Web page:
For most families, food is one of the three biggest expenses each month. There are many different ways to save money on food: extreme couponing, very limited diets (think beans and rice and rice and beans), shopping sales, once a month cooking, and more. I’ve tried most of them, and while I can save a lot of money, sometimes its also lot of work, or makes food that we don’t want to eat. I still use aspects of each strategy, but I’ve basically distilled it down to three simple steps.
Before I go grocery shopping, I do a quick inventory of what we have in the refrigerator, freezer, and pantry. I take note of anything that is going to go bad, or expire, or that has just been hanging around a long time. I also check out the leftovers, and do a quick tidy and clean of the fridge.
The next step is a meal plan. When my kids were younger, it was more elaborate, with a plan for three meals and two snacks each day. Now, I just plan dinners. I start by listing meals that use the things I’ve identified in the previous step. Perhaps I have leftover grilled chicken that should go quesadillas, or there is a whole chicken that has been in the freezer for too long. Once I’ve plotted out the things that we already have, I fill in the rest of the menu. I find it easier to use certain themes: Meatless Monday, Taco (or Mexican) Tuesday, etc.
Make A List
Finally, I make a list of the ingredients I need for each dinner. I check that list against what’s already in the house, and figure out exactly what I need to buy. When I go to the grocery store, I make sure I buy the things on the list, and not much more (with the exception below.)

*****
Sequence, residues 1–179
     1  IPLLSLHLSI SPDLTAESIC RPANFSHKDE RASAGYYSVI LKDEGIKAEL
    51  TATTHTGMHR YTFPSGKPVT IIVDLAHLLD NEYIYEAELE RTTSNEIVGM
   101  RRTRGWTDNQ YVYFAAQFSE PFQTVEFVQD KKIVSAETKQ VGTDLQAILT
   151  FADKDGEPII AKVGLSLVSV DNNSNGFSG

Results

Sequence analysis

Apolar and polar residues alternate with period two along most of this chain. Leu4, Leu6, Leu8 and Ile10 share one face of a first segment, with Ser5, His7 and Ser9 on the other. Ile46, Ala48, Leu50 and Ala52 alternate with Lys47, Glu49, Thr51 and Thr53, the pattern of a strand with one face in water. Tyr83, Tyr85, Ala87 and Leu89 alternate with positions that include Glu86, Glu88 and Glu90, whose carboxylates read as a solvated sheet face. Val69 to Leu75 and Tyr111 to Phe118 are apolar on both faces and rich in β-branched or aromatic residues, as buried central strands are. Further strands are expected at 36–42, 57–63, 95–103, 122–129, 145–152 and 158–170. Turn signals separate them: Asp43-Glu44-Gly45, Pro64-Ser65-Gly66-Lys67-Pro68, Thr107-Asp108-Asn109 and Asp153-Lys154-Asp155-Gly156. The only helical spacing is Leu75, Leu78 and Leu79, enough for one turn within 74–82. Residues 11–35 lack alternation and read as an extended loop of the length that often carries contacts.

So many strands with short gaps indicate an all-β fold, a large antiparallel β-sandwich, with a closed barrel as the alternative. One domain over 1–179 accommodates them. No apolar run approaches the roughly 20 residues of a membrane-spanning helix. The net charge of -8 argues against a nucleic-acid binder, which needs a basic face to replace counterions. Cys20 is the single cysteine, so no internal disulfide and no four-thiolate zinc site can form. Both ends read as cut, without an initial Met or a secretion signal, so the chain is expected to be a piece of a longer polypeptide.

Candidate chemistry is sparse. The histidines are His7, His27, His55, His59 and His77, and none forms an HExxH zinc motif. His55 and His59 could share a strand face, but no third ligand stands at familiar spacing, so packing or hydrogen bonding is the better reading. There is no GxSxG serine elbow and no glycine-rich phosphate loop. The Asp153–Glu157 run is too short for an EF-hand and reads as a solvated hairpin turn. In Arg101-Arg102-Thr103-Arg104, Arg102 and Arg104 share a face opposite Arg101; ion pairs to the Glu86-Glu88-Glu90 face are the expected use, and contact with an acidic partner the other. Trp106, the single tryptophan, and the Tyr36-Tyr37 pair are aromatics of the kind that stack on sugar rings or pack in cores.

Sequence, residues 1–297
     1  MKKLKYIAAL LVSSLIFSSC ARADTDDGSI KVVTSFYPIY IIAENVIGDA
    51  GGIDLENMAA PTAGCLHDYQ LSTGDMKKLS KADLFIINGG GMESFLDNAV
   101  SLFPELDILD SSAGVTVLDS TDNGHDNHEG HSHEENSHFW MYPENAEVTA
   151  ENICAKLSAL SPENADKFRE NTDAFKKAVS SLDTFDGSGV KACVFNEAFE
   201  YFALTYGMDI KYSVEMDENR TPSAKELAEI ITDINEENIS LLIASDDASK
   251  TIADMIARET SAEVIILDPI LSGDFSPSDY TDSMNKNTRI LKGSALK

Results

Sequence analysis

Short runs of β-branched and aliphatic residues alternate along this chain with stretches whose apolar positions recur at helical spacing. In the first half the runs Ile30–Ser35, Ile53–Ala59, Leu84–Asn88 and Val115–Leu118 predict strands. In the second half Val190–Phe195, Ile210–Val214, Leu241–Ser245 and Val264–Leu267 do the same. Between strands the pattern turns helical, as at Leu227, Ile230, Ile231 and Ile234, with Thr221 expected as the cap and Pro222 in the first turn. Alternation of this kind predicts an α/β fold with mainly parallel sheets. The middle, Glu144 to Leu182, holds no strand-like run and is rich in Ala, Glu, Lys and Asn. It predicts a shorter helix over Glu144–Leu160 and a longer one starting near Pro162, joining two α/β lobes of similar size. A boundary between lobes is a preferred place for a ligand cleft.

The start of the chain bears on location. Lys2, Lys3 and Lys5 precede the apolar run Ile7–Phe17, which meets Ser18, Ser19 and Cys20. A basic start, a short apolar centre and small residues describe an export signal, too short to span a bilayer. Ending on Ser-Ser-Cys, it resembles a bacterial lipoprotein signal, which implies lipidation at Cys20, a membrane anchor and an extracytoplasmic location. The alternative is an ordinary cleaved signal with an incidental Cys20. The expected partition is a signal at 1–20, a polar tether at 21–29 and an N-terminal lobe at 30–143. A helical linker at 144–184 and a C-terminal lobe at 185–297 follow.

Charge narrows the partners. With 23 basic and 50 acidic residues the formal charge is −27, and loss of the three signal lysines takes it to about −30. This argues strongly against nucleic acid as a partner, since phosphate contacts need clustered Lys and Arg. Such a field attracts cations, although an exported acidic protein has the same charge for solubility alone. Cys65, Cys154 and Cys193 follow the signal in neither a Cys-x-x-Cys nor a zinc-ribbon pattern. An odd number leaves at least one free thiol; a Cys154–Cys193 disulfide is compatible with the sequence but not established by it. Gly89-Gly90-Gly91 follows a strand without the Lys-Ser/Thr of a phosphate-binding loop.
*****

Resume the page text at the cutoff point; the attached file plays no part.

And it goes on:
Bonus Step: Buying A Bargain
This isn’t part of the regular steps because it’s optional and I only do it when it works out. This step is stocking up on stuff when you see a great price. For example, for several weeks, the Commissary had my husband’s coffee at $2.22 per bag (it usually ranges from $3.99 to $4.99 per bag.) Each time I went shopping, I bought 6-8 bags at the low price. Or, maybe you get to the store just as they’re marking down chicken breasts that have a sell-by date in the near future. Grab a stack of packages and put them in the freezer as soon as you get home. These items will make up the bulk of step one, making an inventory. When you’ve had good luck finding bargains, you can often make up the bulk of your menu with the things you already have in the house, and your necessary shopping will just be fresh items and a few fill-ins.
This seems so simple, but many people tell me that they’ve never considered shopping this way. I promise you that you will save money when shopping, and be more likely to cook dinner at home, if you have a menu and a grocery list.
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